When I was in Middle School I was a member of the Choir and every year at Christmas time school choirs from across the metropolitan area would come together to perform Handel’s Hallelujah Chorus from the Messiah. To this day, I still feel the passion and exuberation I experienced those many years ago whenever I hear my favorite choral piece.
The Messiah is an English-language oratorio composed in 1741 by George Frideric Handel, with a scriptural text compiled by Charles Jennens from the King James Bible, and from the version of the Psalms included with the Book of Common Prayer. It was first performed in Dublin on April 13, 1742, and received its London premiere nearly a year later. After an initially modest public reception, the oratorio gained in popularity, eventually becoming one of the best-known and most frequently performed choral works in Western music.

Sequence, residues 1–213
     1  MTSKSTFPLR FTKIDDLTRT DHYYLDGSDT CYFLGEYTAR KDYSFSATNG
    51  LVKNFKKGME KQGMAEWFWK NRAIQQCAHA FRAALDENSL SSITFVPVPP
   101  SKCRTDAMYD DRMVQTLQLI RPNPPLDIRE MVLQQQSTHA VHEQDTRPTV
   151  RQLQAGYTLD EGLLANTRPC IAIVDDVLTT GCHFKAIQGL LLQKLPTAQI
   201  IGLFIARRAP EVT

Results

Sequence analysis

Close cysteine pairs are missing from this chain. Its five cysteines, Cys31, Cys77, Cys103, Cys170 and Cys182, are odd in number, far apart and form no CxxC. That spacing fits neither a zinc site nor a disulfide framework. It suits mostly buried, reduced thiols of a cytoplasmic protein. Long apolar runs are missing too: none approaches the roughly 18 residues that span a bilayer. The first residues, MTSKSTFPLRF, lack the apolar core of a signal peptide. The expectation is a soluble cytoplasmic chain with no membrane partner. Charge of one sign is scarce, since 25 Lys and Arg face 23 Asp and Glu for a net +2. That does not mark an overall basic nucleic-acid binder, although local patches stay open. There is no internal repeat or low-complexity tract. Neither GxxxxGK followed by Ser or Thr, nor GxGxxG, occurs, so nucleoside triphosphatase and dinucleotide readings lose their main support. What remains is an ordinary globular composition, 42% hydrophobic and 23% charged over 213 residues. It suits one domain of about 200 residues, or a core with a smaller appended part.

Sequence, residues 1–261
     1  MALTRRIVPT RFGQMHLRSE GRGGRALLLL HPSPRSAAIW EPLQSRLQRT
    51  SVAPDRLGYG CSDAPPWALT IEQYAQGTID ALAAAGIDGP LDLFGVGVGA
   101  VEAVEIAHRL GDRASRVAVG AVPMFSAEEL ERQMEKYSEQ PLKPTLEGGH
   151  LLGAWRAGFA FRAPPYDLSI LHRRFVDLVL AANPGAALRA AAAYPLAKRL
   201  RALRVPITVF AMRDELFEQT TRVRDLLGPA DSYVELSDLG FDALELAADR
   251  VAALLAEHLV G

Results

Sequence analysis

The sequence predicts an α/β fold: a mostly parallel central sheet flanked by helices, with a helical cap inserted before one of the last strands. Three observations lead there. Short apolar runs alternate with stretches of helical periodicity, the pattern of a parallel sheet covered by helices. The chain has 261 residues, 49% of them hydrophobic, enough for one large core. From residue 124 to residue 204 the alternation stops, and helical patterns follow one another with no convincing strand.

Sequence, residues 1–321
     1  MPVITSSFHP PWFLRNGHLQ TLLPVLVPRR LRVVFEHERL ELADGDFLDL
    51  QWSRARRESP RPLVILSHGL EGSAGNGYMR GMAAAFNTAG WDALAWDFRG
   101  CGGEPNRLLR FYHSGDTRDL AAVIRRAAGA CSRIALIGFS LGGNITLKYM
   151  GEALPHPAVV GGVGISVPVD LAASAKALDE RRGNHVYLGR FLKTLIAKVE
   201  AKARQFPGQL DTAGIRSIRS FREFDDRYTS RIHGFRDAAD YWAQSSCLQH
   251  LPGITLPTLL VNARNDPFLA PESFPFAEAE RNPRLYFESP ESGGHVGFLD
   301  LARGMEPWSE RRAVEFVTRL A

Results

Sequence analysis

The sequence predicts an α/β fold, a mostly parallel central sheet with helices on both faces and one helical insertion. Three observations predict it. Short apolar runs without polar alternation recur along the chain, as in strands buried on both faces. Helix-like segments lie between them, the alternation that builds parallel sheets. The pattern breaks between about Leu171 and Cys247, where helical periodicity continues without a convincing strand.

This Christmas performance by our choir was, for me, the highlight of the season! This was the early sixties and integration was an ever present topic and the city-wide chorus was an opportunity to bring all schools, black and white, together to celebrate the birth of Christ and to also bring together children who otherwise might never have met to learn and understand that we have more commonalities than differences.
So, in honor of the season and the celebration of Christ’s birth, I present from Handel’s Messiah the Hallelujah Chorus.